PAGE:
October 20, 2011
Chapter 10 Case Study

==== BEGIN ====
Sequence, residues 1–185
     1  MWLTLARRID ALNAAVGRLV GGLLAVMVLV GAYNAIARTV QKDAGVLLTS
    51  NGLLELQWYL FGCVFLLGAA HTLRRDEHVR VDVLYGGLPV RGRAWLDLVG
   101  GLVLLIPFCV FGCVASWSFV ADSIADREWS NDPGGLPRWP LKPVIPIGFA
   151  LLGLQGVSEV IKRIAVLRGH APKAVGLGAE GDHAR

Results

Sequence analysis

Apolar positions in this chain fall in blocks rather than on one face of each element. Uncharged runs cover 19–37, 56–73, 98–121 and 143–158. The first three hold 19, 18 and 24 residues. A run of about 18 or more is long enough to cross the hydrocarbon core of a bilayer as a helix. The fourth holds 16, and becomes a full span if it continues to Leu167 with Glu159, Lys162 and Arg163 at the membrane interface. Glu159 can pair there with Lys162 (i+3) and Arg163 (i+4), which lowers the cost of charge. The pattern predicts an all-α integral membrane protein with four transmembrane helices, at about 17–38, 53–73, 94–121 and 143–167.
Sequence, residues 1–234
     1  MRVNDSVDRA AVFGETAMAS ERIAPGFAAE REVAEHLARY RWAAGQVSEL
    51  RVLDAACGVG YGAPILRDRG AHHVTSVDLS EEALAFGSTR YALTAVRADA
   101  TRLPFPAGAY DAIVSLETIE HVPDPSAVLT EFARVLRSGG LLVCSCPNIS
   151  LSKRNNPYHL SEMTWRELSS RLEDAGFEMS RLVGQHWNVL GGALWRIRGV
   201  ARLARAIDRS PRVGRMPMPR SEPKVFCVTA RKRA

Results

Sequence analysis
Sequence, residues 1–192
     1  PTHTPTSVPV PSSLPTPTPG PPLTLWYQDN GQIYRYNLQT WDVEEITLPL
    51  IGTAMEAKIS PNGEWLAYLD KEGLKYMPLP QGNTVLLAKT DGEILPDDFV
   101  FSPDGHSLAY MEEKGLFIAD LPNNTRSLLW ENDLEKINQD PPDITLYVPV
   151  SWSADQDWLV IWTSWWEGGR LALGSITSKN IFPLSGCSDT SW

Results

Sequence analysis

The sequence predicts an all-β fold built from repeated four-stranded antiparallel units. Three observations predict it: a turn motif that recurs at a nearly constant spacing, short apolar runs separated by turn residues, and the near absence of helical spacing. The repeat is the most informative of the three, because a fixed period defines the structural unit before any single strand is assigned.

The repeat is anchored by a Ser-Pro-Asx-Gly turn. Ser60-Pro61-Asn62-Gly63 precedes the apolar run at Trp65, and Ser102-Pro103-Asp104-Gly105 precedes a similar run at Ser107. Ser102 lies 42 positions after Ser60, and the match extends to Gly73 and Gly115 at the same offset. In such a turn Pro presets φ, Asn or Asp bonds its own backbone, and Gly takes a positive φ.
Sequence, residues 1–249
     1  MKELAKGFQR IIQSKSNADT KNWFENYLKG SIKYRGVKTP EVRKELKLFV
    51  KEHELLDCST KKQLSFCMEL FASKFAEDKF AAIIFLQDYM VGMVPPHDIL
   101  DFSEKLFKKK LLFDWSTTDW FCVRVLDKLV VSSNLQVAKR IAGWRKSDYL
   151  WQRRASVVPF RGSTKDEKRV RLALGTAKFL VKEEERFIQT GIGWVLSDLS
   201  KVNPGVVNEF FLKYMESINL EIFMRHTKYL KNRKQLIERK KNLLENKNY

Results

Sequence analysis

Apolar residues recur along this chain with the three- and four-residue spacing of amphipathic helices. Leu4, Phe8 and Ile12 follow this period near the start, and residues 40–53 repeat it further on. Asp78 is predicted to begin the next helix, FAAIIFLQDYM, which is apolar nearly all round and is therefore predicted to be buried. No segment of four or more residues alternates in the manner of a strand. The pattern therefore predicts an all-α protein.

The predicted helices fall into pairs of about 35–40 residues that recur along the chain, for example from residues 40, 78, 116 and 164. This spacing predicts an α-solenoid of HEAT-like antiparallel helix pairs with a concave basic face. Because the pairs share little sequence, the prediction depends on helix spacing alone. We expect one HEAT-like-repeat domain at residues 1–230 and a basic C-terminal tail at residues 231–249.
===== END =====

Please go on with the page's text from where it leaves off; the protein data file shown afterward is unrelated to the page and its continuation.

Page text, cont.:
1. What has been Southwest’s traditional pricing strategy? Why has this pricing strategy been so successful throughout the airline’s first three decades? Traditionally, Southwest used a low-price strategy. They were known as always offering the cheapest flights. The air line did not serve meals, had no assigned seats, no electronic entertainment, and no retirement plans for employees. Because Southwest had such lower costs, they were able to crush competitors. This pricing strategy was so successful throughout the airline’s first three decades because their strategy was the complete opposite of competitors. The planes flew point to point based on demand which offered more flexibility. The airline did not serve major airports, but second-tier destinations where the costs were lower. They only served snacks on the flights, and employees were offered a profit sharing plan in place of a retirement plan. All of these elements helped cut costs and make Southwest profitable every year since its founding. 2. What values do the airline customers-both business and leisure travelers- seek when they buy air travel tickets? Has Southwest done a better job than competitors of meeting the needs of these air travelers? In what ways? Some values that airline travelers seek are leisure of arriving to their new destination, flexibility, being efficient, and being comfortable all for a fair and inexpensive price. Traditionally, Southwest was inexpensive and flexible because of their low costs and the mentality of just getting travelers from point A to point B. The remodeling of the airline has created a more pleasant atmosphere for the customers. They have specifically targeted business travelers. Southwest offered a “Business Select” category where travelers would pay thirty to fifty more dollars for a ticket and receive preferential boarding, bonus frequent flyer miles, and a free...
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